Beyond Ping Pong: Keys to Developing a Strong Corporate Culture

HR blogger Kris Dunn of HR Capitalist and Fistful of Talent shares his insights into what defines corporate culture and how to strengthen it within your company.

Beyond Ping Pong: Developing Corporate Culture

Corporate culture means many things to many people. In a previously recorded podcast, Kris Dunn, Founder of Fistful of Talent and Chief Human Resources Officer for Kinetix, spoke with OpenView to provide a clearer picture of what corporate culture actually entails, the secrets to properly identifying your own company’s culture, and how to develop it into something strong enough to be foundational.

What Exactly is Corporate Culture, Really?

According to Dunn, “Corporate culture is all about really what you value as a company, what you value in terms of how you serve your customers, how business gets done, and what you value from a performance perspective across your talent base.” Although he concedes that there is no single definition that could be overlaid across all of corporate America, Dunn stresses that, at its core, culture represents the manifestation of the guiding principles that underpin every part of your company.
“Like style,” Dunn says, “you kind of know good culture when you see it.”
Culture is less about “free soda and ping pong tables” and more about performance, Dunn argues. Keeping a fun workplace atmosphere may be part of the image that your company presents, but what culture should actually built on is an unrelenting focus on factors that “create a DNA map of the type of employee that a company looks for.” Find the characteristics that lead to high-performing team members, and your company becomes stronger and more successful.

How to Identify Your Culture by Asking One Simple Question

Dunn suggests adding a question to your next employee survey that gets to the heart of who is driving the culture in your company:

“Other than the current person that you work for, what single manager in the organization would you most like to work for and why?”

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The answers will not only point to the managers who are most invested in the culture, but also what your employees value in a team leader — and chances are, they’re cultural aspects.
Once you have your survey results, Dunn recommends sharing them across the management team to spark conversations among your team leaders. If you have “two or three names out of 40 that keep coming up” in the survey, and you look at the reasons why, he explains, you can begin to spot the commonalities that define your culture. Plus, it puts a little pressure on the other managers to “challenge themselves to do things better” and to be more “employee-centric.”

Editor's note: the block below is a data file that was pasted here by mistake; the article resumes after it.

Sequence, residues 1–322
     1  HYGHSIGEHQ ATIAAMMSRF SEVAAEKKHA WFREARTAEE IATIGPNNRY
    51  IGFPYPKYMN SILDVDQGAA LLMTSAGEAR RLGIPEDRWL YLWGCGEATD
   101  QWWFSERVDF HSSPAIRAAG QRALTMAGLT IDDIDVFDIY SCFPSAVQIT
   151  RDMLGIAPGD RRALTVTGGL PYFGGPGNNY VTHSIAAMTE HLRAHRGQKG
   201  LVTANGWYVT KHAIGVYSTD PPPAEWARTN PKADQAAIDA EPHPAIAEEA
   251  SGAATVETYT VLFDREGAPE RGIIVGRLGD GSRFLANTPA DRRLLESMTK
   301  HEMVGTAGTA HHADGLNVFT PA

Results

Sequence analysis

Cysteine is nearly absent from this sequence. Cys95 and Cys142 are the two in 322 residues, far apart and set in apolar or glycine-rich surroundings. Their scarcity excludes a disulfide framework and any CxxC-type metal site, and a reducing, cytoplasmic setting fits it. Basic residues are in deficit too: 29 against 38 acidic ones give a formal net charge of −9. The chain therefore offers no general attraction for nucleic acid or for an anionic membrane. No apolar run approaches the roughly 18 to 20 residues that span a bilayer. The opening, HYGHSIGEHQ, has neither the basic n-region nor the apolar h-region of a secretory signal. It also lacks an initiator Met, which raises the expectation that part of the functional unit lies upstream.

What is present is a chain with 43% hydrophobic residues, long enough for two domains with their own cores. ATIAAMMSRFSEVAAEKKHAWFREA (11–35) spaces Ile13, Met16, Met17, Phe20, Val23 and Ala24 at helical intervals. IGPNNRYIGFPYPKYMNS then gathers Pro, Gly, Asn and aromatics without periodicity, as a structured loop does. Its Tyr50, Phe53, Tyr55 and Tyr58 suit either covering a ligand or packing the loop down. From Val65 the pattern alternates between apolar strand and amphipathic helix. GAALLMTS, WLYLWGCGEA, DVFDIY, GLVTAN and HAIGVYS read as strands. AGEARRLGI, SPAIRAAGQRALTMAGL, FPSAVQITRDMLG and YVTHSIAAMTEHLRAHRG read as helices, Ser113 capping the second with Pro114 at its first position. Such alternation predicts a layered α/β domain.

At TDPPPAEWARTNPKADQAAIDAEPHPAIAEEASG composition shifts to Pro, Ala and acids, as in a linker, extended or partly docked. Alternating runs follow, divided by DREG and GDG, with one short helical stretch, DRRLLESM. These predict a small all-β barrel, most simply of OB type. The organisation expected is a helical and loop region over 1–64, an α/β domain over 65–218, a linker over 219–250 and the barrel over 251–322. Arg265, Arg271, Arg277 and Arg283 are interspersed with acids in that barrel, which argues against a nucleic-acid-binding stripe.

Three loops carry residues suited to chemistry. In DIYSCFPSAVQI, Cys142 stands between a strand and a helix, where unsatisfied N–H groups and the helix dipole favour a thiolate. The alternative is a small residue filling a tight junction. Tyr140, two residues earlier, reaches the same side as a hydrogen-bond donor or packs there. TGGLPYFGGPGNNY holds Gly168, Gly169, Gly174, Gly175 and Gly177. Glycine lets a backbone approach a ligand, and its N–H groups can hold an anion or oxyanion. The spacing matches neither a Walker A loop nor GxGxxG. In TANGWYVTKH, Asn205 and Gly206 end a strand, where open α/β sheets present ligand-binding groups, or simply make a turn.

Ultimately, Dunn says, “if you take care of your employees, you’re going to take care of customers, and that’s the cornerstone of good culture.”

Getting Serious About Developing Corporate Culture

While it is important to identify the individuals who best personify and drive your company’s culture and highlight them as good examples to follow, Dunn also makes it clear that you need to be willing to fire leaders at your company who are clearly not a good cultural fit.


“If you’re going to define some of the values and potential factors that you look for in leaders in order to build the type of culture you want, not only do you have to be willing to hire for those things,” Dunn says, but regardless of their performance, you’ve also got to be willing to fire those people who are not on board.
Even if managers are getting great results from their teams, if they are detrimental to your culture, then it is time to make a change. “That’s where a lot of companies that have a lot of good ideas from a cultural perspective ultimately lose sight of the big picture,” Dunn laments.
Stay focused on the big picture instead of this quarter’s performance. If you refuse to remove leaders who are getting good results in a negative way, then your company culture will “end up being mediocre at best.”

What are your thoughts on developing corporate culture? Would you be willing to let go of top performers if their management style is detrimental to your culture?

Chief Human Resources Officer
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